Papakolea Green Sand Beach 

Green Sand Beach is amazing but requires a bit of a detour to get there. Green sand beaches are exceptionally rare, with only four existing in the entire world. The green tint is the result of crushed Olivine crystals that were brought to the surface during Mauna Loa’s eruptions. This is a small beach and the current is strong, but it is still a great place to wade into the water, take some photos, or enjoy any picnic lunches you brought along.

Once you reach the parking lot for Papkolea, it is a 2.5-mile hike to the beach each way, without shade. There are usually locals there who will shuttle you down to the beach in four-wheel-drive vehicles for about $20. Unfortunately, this is an illegal practice that is damaging the fragile ecosystem. Please be aware that you can be cited if you are caught by authorities in one of these vehicles.  

Punalu’u Bake Shop

If you haven’t tried a malasada yet, swing by this bakery on your way to Volcanoes National Park to grab one of these Portuguese-inspired, fluffy, filled donuts. The bake shop also carries other things to satisfy your sweet tooth, like macadamia caramel bars, King’s sweet bread, ice cream, frozen drinks, and hot cups of Kona coffee. This is also a great place to grab a CD of local, Hawaiian music as radio reception can be very spotty in this area. (Restrooms, snacks, souvenirs)

Punalu’u Black Sands Beach 

This beach is just a short drive off the main highway and is a prime spot for green sea turtles to nap on the beach – a true rest stop! This is a Hawaii county-run park with all the amenities, including restrooms, and a picnic area, and there is usually a lifeguard on duty. Sometimes food trucks are operating in the park as well. There are two entrances to the park and two parking lots at each end, so if you miss the first one just keep going til the next one. There is usually plenty of (free) parking here. 

No matter what time of year you visit, the black sand retains heat well and will keep you warm as you lay under palm trees and enjoy a snack or beverage before continuing. There’s also a rocky outcropping on the western end of the park which is a great spot for photos. (Restrooms)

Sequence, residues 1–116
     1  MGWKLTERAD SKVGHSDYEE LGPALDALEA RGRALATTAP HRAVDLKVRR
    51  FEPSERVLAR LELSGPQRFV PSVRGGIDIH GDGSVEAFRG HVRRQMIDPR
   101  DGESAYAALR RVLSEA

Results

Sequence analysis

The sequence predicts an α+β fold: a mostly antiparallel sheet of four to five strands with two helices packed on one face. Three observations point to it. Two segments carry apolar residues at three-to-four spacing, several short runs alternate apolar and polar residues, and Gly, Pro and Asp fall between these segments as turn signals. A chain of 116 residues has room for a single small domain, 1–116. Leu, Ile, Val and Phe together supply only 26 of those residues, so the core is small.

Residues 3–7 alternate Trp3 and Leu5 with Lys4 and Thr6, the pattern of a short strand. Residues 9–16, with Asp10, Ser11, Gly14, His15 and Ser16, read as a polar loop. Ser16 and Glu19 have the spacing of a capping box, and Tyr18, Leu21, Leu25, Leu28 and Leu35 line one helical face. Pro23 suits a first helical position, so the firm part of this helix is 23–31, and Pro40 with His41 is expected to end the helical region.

Volcano Winery

As your drive from Kona to Volcano comes to an end, you may want to treat yourself to a stop at Volcano Winery. Wine sommeliers may not be impressed by the wine quality (volcanic ash and sulfur fumes do not exactly produce ideal conditions for growing grapes) but how often can you say you went wine tasting next to a volcano? Wine tastings are $20 per person and include seven pours of wines from dry to sweet. Volcano Winery makes 100% grape wines, plus their best-selling fruit blends and honey meads. One-hour vineyard tours are also available for $40 per person. This is also a great way to celebrate reaching Volcanoes National Park – you’re less than 5 minutes away! (Restrooms, snacks, souvenirs)

Final Tips for your Kona to Volcano Road-trip

As you can see there is quite a bit to see and do in the one hundred miles from Kona to Volcano. If you can squeeze in just a few of these amazing pit stops, you will surely add some memorable experiences to your drive to Volcanoes National Park. But don’t put too much on your plate. There are so many interesting things to see in Hawaii Volcanoes National Park and you’ll need to save some time and energy for that.

Remember that you can always hit the stops you missed on the way back to Kona. You can also stay overnight in Volcano or inside the park (if you camp or are lucky enough to get a reservation at the Volcano House). And if that still seems like too much, then why not consider taking a tour like the Evening Volcano Explorer? It makes stops at many of the spots listed above, plus Volcanoes National Park, AND you’ll get to sleep on the way back to Kona!